Energy is key to global development, but the world’s poorest and most vulnerable nations fare up to six times worse than their more industrialized counterparts when it comes to accessing the vital resource, the United Nations warned on Wednesday.
In its 2017 report on the world’s 47 Least Developed Countries (LDCs), focused on Transformational Energy Access the UN Conference on Trade and Development (UNCTAD) said that only four of them were on course to achieve internationally agreed targets on energy distribution by 2030.
While they have made great strides in recent years, achieving the global goal of universal access to energy by 2030, the finish line for achieving the UN Sustainable Development Goals (SDGs), will require a 350 per cent increase in their annual rate of electrification, said UNCTAD.
“Achieving Sustainable Development Goal 7 is not only a question of satisfying households’ basic energy needs,” UNCTAD Secretary-General Mukhisa Kituyi said in Geneva, ahead of the report’s publication on Tuesday.
“That in itself has valuable welfare implications, but we need to go beyond […] For electrification to transform LDC economies, modern energy provision needs to spur productivity increases and unlock the production of more goods and services.”
Dr. Kituyi added: “The productive use of energy is what turns access into economic development, and what ensures that investments in electricity infrastructure are economically viable. But that means looking beyond satisfying households basic needs to achieving transformational energy access – satisfying producers’ needs for adequate, reliable and affordable energy.”
Find out more about the UN’s work with and for the world’s 47 Least Developed Countries here
To that end, the report notes that renewable energy sources, such as solar and wind power, could have a revolutionary effect in rural areas, home to 82 per cent of those without power in the least developed countries, and help to overcome the historical obstacles to rural electrification.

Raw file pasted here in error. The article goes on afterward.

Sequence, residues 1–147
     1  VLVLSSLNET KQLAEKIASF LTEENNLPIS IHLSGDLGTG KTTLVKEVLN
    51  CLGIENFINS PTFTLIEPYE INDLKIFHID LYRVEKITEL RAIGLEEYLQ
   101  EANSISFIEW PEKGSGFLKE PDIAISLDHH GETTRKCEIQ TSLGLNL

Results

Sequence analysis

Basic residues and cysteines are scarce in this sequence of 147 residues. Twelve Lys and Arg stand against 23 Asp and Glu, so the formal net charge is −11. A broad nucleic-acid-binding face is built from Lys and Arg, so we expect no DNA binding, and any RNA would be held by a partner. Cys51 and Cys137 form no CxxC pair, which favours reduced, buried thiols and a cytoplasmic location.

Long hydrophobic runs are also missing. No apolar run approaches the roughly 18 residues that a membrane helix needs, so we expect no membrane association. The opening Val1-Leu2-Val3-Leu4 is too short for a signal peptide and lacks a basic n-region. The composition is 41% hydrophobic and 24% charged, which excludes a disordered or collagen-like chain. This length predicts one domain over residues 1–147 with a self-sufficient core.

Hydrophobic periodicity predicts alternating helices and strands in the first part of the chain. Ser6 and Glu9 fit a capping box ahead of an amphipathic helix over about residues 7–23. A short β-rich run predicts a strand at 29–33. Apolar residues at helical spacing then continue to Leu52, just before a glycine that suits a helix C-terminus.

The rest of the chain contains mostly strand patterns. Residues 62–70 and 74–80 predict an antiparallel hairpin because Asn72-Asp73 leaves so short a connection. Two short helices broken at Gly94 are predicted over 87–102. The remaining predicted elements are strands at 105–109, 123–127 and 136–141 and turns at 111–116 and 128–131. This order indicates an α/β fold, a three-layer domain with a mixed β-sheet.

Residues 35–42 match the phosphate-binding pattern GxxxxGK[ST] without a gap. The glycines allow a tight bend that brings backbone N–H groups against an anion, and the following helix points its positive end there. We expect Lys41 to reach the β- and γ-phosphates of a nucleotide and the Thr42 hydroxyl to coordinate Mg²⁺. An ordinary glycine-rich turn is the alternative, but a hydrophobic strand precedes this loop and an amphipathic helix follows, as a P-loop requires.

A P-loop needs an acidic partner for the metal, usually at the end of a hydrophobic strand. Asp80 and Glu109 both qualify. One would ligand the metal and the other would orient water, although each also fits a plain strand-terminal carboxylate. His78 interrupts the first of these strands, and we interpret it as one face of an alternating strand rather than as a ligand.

But non-hydro renewable energy in these countries has so far come mostly from small-scale technologies, such as solar lanterns and stand-alone home systems. While these have brought some progress, they fall short of the game-changing access to power that they need to transform their economies.
Utility-scale renewable technologies capable of feeding the grids and mini-grids necessary not only to power homes, but also to grow businesses and industries, need to be deployed rapidly. But to achieve this, the least developed countries must overcome important technological, economic and institutional obstacles. This will require both the right national policies and stronger international support.
Because energy technologies, and particularly renewable technologies, are constantly evolving, it is critical that the least developed countries gain access to the technologies suited to their particular conditions and circumstances, and that they strengthen the capacity of their energy sectors to absorb such technologies.
The recently created Technology Bank for the Least Developed Countries could help, but developed countries could help even more by living up to their technology-transfer obligations under the UN Framework Convention on Climate Change (UNFCCC) and the Kyoto Protocol, said UNCTAD.